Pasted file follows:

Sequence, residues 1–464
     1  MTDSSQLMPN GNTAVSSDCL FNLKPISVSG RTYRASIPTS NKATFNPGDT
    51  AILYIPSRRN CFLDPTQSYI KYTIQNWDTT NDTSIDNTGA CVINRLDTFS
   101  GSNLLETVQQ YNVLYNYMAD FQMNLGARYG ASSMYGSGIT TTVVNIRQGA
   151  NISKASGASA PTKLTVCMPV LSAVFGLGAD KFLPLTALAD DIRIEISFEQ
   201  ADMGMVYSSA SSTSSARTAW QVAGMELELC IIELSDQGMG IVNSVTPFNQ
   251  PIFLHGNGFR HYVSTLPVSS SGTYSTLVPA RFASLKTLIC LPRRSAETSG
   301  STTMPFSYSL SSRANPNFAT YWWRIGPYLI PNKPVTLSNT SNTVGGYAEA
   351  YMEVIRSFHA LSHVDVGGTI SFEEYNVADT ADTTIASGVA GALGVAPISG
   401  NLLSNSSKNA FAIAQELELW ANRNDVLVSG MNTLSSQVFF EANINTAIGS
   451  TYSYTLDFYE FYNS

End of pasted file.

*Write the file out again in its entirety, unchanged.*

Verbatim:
Sequence, residues 1–464
     1  MTDSSQLMPN GNTAVSSDCL FNLKPISVSG RTYRASIPTS NKATFNPGDT
    51  AILYIPSRRN CFLDPTQSYI KYTIQNWDTT NDTSIDNTGA CVINRLDTFS
   101  GSNLLETVQQ YNVLYNYMAD FQMNLGARYG ASSMYGSGIT TTVVNIRQGA
   151  NISKASGASA PTKLTVCMPV LSAVFGLGAD KFLPLTALAD DIRIEISFEQ
   201  ADMGMVYSSA SSTSSARTAW QVAGMELELC IIELSDQGMG IVNSVTPFNQ
   251  PIFLHGNGFR HYVSTLPVSS SGTYSTLVPA RFASLKTLIC LPRRSAETSG
   301  STTMPFSYSL SSRANPNFAT YWWRIGPYLI PNKPVTLSNT SNTVGGYAEA
   351  YMEVIRSFHA LSHVDVGGTI SFEEYNVADT ADTTIASGVA GALGVAPISG
   401  NLLSNSSKNA FAIAQELELW ANRNDVLVSG MNTLSSQVFF EANINTAIGS
   451  TYSYTLDFYE FYNS